Staying Put for College

 

My name is Mika Lindsay Ouellette. I live in Bangor, ME. I am a recent graduate of the University of Maine at Orono. I hold a Master of Education and Bachelor of Arts degree in English. I currently have two jobs. My first is as a long-term substitute high school French teacher. My second is teaching one section of English composition at Husson University. In the future, I hope to have only one full-time teaching position.

As you can imagine, I’m quite busy but I’m also somewhat of a home body. When I do get free time, I like to spend it with my family. Although I’m an only child, I have a large extended family. This time with them gives me relief from the stress of my daily life while I am in school.

It’s no secret that times are tough right now. You thought that you had your dream school picked out until you realized how much money it would cost to live and study there. You look at the campus that is near your home and decide to attend school there and commute. Luckily, you have some classes online so you only have to be there three days per week.

When you tell your friends, who are all going away to college, about your decision they think you are making a mistake by not going with them. You shrug it off, thinking that with the Internet and the phone you will be just fine when they all leave because you will all keep in touch. However, when school starts and all of your friends are away at college too caught up in their new lives on campus to even call, you begin to feel blue.

You start to think your friends were right. After all, you are still at home with your nagging parents, you have almost no friends because you do not live on campus and you practically live in your car. You feel lonely. You can’t afford to transfer schools so you wonder what you are going to do. You are not alone. You are one of many commuter students.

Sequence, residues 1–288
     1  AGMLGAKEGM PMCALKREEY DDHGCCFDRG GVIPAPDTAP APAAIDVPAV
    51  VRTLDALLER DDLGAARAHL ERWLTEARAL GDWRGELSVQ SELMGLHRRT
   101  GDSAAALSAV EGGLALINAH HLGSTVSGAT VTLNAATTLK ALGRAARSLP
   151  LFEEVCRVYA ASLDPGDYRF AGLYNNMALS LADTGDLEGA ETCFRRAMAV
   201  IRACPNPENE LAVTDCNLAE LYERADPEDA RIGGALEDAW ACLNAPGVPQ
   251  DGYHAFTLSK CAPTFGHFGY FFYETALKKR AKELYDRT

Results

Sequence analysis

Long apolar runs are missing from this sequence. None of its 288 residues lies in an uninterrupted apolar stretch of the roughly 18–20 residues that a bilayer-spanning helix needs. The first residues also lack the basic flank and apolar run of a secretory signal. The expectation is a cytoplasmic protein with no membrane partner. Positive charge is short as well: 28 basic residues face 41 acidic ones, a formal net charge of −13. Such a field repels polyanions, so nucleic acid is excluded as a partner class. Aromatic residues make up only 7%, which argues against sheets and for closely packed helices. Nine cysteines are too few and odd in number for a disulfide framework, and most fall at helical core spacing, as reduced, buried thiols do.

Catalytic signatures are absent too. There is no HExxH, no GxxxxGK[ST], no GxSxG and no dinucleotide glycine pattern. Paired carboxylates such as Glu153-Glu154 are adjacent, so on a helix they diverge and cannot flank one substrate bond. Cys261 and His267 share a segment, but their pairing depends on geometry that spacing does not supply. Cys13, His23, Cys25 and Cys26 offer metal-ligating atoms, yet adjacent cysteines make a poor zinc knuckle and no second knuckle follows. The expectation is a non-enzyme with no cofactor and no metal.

Life as a commuter can be lonely, so that is why it is essential to get involved in extracurricular activities or find a work study job. Most club meetings and work study shifts occur on the days you have classes so you can choose how many days you are on campus. You can meet other students like you by taking part in these activities and make some new friends.

Who knows? Maybe you can actually use your commuter meal plan and join your new friends for lunch in the cafeteria rather than eating your homemade sandwich on the front steps of the dining hall like you usually do. You do have a lunch break between classes and you can buy lunch on the days you would be on campus for the semester.

Also, if you are lucky enough to have some extra time on your lunch break, perhaps your new friends could also be your new gym buddies. If you are worried about the dreaded “Freshman 15,” you don’t have to be. Many schools give you a gym membership with your tuition payment. You can take advantage of it by going for a walk around the track, going swimming or playing a pick-up game of basketball with your friends.

Speaking of your new friends, if you do decide to take part in extracurricular activities, time management and schedule planning will be crucial so that you do not get burnt out. If you have a work study job, your supervisor will be happy to accommodate your class schedule. Many schools now have a wide offering of online courses that are perfect for commuter students who want schedules that will allow them to study on their own time. Also, if you know that you do not like to drive at night, you can plan to have most of your courses during the day.

By following this advice, you can ensure a safe, happy and healthy experience as a commuter student. Instead of crying over your peanut butter and jelly sandwich about how you made a mistake by not leaving for college like your old friends did, you will be glad you stayed put. Even though you will not have the traditional college experience as seen in movies such as “Animal House,” you will still have memories and friendships that will last a lifetime.

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